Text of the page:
Winter Storm Pax is heading north, bringing heavy, wet snow, rain, ice and wind.
The National Weather Service has issued a Winter Weather Advisory for Suffolk, MA, in effect from 7 a.m. tomorrow to 7 a.m. Friday morning. Impacted areas include much of Eastern Massachusetts, including Briston and Plymouth counties.
Snow will start to fall between 7 a.m. and 9 a.m. Thursday morning, hampering commutes. Snow, heavy at times, will change to rain tomorrow afternoon. Boston can expect accumulations between 3 to 5 inches.
Northeasterly winds will gust upwards of 25 mph to 40 mph.
[UPDATE: Wednesday, Feb. 12, 1:45 p.m.]
The south is already being covered in a layer of ice, but Boston is holding strong without a flake in the air. Although everything might look safe for Bostonians right now, we are still expecting to receive a significant dose of snow. The city is predicted to be covered with three to six inches of snow, and western Massachusetts could see six inches to a foot. Areas near the Cape will get away with less snow accumulation, with estimates between one and three inches.
The south will be getting the bulk of things, as Pax has already started to hit cities like Atlanta and smaller cities in South Carolina especially hard. The storm will show it’s snowy strength up and down the east coast, impacting more than 83 million people.
While the New England area might be more apt to coping with such a storm, the less prepared south will again find itself struggling to fight another wintry mix of weather. Last week, Winter Storm Nika caused massive gridlocks throughout the southern states, trapping people on the roads for hours on end.
Knightsville, SC has already seen a half inch of freezing rain, with more on the way. Pax is bringing everything from sleet to snow, and it’s keeping most people indoors for the rest of the day.
On Wednesday, Boston is looking at clear skies and brisk temperatures throughout the morning and afternoon, until sunset. Clouds will start to move in during the later portion of the evening commute, while temperatures hold tight in the low 20’s.
It looks like clouds and chilly temps will persist throughout the overnight hours, into Thursday morning. That’s when things will start to get pretty, prettyyyy, prettyy interesting, around 6 a.m..
Thursday morning’s commute isn’t looking too promising, with the snow set to fall at its heaviest around 9 a.m., according to weather.com‘s projections. However, Pax doesn’t look like it will yield particularly impressive snow accumulation totals in Boston or Cape Cod. Early projections are calling for around 3 to 5 inches along coastal communities, with snow mixing with, then completely changing over to rain by Thursday evening, as temperatures reach the upper 30s.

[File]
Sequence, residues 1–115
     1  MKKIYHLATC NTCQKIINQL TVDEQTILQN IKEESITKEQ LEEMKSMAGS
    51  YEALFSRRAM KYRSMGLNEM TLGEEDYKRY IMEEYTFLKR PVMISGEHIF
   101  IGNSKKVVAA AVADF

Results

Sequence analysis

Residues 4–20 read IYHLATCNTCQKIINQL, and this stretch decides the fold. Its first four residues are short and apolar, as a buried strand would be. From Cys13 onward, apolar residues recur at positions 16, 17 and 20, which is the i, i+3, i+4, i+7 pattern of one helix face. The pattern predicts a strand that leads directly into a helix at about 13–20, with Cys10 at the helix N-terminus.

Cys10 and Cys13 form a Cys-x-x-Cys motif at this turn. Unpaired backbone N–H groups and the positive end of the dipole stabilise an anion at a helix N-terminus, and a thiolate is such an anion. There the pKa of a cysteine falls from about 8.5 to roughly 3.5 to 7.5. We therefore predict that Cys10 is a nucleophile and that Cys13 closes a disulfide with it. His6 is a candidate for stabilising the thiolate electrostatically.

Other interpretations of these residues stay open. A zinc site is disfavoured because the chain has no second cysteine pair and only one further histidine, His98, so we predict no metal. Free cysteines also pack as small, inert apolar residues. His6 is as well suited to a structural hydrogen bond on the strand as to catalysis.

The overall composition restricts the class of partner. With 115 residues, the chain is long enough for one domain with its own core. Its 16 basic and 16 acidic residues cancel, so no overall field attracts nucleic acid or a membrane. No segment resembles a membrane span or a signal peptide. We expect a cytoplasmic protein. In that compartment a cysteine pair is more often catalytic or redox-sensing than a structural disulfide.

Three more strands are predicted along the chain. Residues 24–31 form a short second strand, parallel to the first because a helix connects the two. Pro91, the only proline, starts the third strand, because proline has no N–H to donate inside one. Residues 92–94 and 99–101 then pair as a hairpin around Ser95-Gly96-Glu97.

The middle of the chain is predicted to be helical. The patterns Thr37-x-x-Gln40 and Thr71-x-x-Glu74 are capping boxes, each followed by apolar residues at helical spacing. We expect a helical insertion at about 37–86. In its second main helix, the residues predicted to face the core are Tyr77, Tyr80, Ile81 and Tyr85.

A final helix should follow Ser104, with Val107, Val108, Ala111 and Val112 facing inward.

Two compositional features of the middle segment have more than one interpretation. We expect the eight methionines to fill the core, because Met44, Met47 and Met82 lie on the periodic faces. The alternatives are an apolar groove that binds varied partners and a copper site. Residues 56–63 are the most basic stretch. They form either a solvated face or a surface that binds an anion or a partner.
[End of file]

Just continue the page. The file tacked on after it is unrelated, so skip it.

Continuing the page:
Western Massachusetts, it seems, will see mostly snow once Pax arrives tomorrow. Initial inland projections call for 8 to 12 inches of wet snow.
Here’s David Epstein’s latest visual:
BostInno will be updating this post all day, so remember to check back for the latest news on Winter Storm Pax.
[UPDATE: Tuesday, Feb. 11, 1:45 p.m.]
All signs point towards Winter Storm Pax, colliding dead-on with Boston Thursday morning. David Epstein, in his most recent Boston.com writings, says Thursday will be troublesome; snow will be heavy at times inland, while the white flakes will turn to rain along the coast as the day progresses.
(And by the way, an El Nino event will probably happen this year. Carry on.)
Still, the South seems to be getting the worst of Pax.
One meteorologist, based in Fort Worth, Texas, told the AP that forecasters “were talking about an ice storm that happens only once every 10 to 20 years.”
But, for now, let’s focus on Greater Boston.
“I would categorize this as a strong storm,” writes Epstein, “it’s not going to be a blockbuster.”
The rain-to-snow changeover will depend on the storm’s track and varying temperatures.
Currently, it looks like Boston is in for a heavy mix of snow and rain, keeping accumulations under half-a-foot.
Boston is in for more winter mess, yes. But again, the South is getting the brunt of Pax’s force.
Earlier, the AP reported that President Barack Obama declared an emergency in Georgia, ordering response efforts from federal and local agencies.
In areas of Atlanta up to central South Carolina, snow and ice could accumulate up to three-quarters of an inch, with winds gusting up to 30 mph.
[Monday, Feb. 10]
Boston.com weather guru David Epstein reports, the region’s next batch of wintery goodness is set to arrive early Thursday, “and if the timing holds,” could wreak havoc with that morning’s commute. The track of the storm isn’t clear, but, Epstein says, Thursday travel plans should be adjusted appropriately, should the storm hit Greater Boston.
The storm’s projected path (see: above), Epstein says, makes it hard to predict whether the area will get snow, rain or a combination of both. Copious amounts of either are possible.
Residing to the left of the storm’s path could mean a heavy dose of rain, while areas to the right could be buried under heavy, wet snow.
The storm is already causing problems down South, but as Weather.com reports, this batch of nasty weather could make it’s way up the East Coast later this week. It’s still early, but it already has a name: Winter Storm Pax.
Winter Storm Pax’s trajectory:
Even though specific snow and/or rainfall totals aren’t known, yet, it’s never too early to prepare. Given the possibility of a hectic Thursday morning commute, check out these winter driving tips. In the event that the forecast gets nastier, feel free to study-up on these winter storm preparation techniques.
Images via Boston.com, weather.com